A proposed new gated community of 92 upscale “row houses,” priced from the high $200s to the middle $300,000s, has south Martin County residents talking. The townhouses would be built between U.S. 1 and the predominately African-American neighborhood of Banner Lake, in Hobe Sound’s Community Redevelopment Area.
Some wonder whether expensive row houses belong in a CRA. Others worry that plopping a fancy gated community next to a neighborhood faced with challenges is asking for trouble. Banner Lake has had problems with drugs. Some 30-year residents remain in the historic community, but other longtime residents have fled to safer neighborhoods.
A preserve of native trees would screen the townhouses from U.S. 1 and provide a buffer of about 4 acres of woods between the development and the private Pine School to the south. A few trees, open fields and drainage ditches would separate Banner Lake from the townhouses — along with the gates blocking Banner Lake traffic from entering Hobe Sound Village.
Traffic from the gated community could cut through Banner Lake, however, to reach Bridge Road and U.S. 1.
Jeffrey Gelman, whose Palm Beach Capital Consultants LLC is developing the property, lives on nearby Jupiter Island. He owns several other parcels near Banner Lake, as well as a big chunk of land adjacent to U.S.1 where Algozzini’s, a store that sold Hawaiian shirts and other tropical clothing, reigned for decades.
Gelman tried to develop the 14-acre parcel he’s now pushing for townhouses a few years ago with a mixed commercial and residential project nobody liked. Residents and Neighborhood Advisory Committee members complained that plan would have created competition with businesses already struggling in Hobe Sound’s business district.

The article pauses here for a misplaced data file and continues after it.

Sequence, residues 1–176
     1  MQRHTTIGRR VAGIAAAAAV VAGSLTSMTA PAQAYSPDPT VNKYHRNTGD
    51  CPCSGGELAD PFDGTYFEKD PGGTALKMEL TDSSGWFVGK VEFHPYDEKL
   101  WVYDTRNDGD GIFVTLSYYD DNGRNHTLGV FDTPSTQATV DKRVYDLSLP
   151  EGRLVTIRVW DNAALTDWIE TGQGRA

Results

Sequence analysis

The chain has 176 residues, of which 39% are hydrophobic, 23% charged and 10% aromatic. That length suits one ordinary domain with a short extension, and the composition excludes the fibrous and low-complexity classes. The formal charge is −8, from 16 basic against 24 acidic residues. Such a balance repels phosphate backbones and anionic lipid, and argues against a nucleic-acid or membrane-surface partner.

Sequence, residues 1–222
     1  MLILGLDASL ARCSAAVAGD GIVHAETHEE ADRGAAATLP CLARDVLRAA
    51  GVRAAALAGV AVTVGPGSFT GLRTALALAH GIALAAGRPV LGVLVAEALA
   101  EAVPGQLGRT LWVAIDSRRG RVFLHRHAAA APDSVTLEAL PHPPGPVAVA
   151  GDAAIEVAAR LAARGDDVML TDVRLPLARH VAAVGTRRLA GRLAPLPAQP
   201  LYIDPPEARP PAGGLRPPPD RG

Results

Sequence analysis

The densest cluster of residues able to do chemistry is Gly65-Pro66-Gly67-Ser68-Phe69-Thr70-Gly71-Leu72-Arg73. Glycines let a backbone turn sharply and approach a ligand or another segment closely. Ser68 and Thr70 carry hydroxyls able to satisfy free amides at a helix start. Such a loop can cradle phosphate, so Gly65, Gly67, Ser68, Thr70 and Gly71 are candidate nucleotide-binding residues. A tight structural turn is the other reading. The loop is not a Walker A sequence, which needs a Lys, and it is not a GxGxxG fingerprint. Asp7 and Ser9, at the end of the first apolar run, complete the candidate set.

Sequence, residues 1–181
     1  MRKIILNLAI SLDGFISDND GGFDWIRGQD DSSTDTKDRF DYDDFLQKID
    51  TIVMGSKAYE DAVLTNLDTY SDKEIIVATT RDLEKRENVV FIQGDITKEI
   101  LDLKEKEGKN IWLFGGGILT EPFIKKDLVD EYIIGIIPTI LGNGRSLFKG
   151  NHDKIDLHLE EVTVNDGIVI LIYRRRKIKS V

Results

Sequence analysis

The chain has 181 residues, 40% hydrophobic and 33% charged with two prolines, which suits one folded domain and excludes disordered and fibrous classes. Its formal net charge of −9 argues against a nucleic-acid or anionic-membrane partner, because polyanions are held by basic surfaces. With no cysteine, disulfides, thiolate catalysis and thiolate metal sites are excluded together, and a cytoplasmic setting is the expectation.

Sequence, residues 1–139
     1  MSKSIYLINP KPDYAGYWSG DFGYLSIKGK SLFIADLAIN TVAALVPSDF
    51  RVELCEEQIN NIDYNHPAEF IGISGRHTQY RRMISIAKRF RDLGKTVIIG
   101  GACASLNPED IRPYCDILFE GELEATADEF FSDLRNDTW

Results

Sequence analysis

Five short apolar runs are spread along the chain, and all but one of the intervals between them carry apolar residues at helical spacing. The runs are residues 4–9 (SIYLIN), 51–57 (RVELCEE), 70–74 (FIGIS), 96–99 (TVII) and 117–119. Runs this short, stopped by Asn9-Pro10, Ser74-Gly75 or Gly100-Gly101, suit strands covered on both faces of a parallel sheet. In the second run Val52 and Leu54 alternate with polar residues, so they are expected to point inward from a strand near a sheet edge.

Landowners in the business district, along Bridge Road between U.S. 1 and Alternate A1A, plus several blocks along A1A, have been the happy recipients of millions of dollars worth of sewers, parking spaces, extra landscaping and buried electric lines via the CRA. Banner Lake has gotten sewers in some areas.
Business district landowners hope to get more underground electric lines if the redevelopment areas survive the critical scrutiny they’re getting from Martin’s commission majority.
Gelman’s project is just the latest in a series of issues for Hobe Sound, which is part of the county and has no separate government. Some complain the proposed townhouses offer Banner Lake nothing for the added traffic hassles the neighborhood will face. Residents hoping the gated community might provide jobs were discouraged to learn no construction jobs will be available, just possible work as housekeepers or yard workers.
Lisa Dames, a former NAC member, said she opposes the townhouse project unless the developer makes changes.
“If the gated community was affordable for Banner Lake residents,“ Dames said, “or the developer put money into the Banner Lake community, or did something to help the community rise up … but putting up a gate or a wall causes people to feel like outsiders.”
Others say Gelman should be allowed to develop his property, and the townhouses are better than his previous plan to build homes and business spaces outside Hobe Sound’s established town center. But as Commissioner Anne Scott points out, “That’s not the best guide for good development.” The gated community “further isolates Banner Lake and it’s insensitive to the neighborhood’s needs. It’s not consistent with other development in the area.”
I agree both with those who say the townhouses aren’t as bad as Gelman’s last plan and with Dames and Scott, who want the developer to make Hobe Sound Village a better neighbor to Banner Lake — maybe by improving roads, adding street lights, donating park equipment or providing other benefits residents want.
I also worry the project sets a bad precedent that could turn Hobe Sound into a string of gated communities. Gelman already may have that in mind. He named the corporation that owns the nearby Algozzini property Hobe Sound Townhouse II.
Sally Swartz is a former member of The Palm Beach Post Editorial Board. Her e-mail address is [email protected]. Column courtesy of Context Florida.